“Children are born persons” is the first of Charlotte Mason’s principles. A person has a voice, or wants a voice, or should have a voice, especially children. In Paul’s letter to Timothy, he indicates as much, “Let no one despise you for your youth, but set the believers an example in speech, in conduct, in love, in faith, in purity” (1 Tim. 4:12). Actually, what he indicates is what might be a universal tendency in the older generation to despise the thoughts, ideas, and opinions of the younger generation.
What is rhetoric? You’ve probably heard or thought of rhetoric as the art of persuasion. Fans of Aristotle will probably think of it as the art of finding the available means of persuasion. If you follow in the vein of Quintilian, you will probably think of it as the art of persuasion toward truth (and goodness and beauty). For those of you who have heard Andrew Kern speak on the topic, you’ve probably picked up something along the lines of rhetoric being the art of decision-making in community. One of these is decidedly not like the others.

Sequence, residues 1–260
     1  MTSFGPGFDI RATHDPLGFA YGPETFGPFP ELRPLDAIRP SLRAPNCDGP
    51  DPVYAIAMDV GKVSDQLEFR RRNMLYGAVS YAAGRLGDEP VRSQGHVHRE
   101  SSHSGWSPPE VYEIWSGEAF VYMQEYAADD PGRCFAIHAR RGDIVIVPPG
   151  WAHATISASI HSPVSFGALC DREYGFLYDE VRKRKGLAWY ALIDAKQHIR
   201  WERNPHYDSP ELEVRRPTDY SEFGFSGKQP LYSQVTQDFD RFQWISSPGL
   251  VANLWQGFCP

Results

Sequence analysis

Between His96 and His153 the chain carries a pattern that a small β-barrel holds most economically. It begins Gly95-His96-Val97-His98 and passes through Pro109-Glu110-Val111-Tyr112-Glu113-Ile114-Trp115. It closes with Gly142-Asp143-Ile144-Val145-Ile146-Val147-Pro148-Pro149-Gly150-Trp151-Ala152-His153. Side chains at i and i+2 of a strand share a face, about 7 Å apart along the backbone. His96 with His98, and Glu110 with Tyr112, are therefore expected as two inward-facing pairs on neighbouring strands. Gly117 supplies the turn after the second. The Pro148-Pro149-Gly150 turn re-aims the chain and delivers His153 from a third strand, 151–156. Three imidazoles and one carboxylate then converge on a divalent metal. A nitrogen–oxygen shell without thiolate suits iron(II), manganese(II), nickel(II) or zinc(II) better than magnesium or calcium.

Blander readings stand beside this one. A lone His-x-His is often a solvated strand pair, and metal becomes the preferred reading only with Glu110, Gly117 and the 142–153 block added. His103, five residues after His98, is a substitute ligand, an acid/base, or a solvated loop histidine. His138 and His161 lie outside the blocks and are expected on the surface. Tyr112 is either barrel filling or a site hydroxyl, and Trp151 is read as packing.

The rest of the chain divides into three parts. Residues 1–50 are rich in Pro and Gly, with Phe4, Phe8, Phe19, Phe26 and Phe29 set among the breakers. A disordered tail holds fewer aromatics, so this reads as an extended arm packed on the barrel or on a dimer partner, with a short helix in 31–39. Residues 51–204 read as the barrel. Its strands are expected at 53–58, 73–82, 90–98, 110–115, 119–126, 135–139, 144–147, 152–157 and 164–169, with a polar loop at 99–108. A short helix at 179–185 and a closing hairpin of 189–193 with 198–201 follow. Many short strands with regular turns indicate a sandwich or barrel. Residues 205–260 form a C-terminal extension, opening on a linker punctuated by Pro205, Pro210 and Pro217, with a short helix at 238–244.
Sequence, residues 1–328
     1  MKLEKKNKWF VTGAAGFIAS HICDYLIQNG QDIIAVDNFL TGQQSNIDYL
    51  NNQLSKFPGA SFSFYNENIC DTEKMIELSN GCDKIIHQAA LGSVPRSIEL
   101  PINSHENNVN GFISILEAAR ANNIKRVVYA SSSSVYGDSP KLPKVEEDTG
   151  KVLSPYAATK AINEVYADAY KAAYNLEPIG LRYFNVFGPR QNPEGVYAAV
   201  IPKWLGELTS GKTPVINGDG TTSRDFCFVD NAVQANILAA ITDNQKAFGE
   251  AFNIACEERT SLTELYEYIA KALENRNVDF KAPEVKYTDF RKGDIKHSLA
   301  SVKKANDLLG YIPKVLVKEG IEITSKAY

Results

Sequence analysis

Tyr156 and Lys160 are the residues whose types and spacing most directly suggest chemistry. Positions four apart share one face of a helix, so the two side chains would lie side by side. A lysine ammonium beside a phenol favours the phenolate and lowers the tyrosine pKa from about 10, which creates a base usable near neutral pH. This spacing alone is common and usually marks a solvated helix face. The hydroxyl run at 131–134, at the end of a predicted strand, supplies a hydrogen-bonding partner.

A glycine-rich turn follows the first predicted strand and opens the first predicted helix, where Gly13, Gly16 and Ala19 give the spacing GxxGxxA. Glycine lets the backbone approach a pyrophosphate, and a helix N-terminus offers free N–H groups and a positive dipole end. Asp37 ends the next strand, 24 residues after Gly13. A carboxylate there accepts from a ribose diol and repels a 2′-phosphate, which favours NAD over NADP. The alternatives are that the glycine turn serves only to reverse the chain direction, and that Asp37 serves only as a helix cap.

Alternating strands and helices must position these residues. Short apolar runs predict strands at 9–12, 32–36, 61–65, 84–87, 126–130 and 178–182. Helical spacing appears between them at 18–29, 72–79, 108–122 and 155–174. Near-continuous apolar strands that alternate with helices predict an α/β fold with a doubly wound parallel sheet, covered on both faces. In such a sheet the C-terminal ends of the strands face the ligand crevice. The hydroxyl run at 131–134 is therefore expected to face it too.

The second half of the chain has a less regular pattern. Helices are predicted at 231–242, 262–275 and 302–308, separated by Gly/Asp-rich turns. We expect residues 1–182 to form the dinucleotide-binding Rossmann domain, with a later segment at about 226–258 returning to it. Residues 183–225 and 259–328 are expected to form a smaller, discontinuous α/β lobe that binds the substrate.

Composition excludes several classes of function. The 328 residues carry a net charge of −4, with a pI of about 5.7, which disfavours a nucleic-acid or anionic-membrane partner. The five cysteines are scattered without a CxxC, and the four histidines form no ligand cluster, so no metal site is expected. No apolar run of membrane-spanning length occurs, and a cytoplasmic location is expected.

Let us suppose that we are educating children with an eye to the kingdom of Heaven and with the hope that it might positively affect the culture we swim in. If that is so, it seems to me that we need to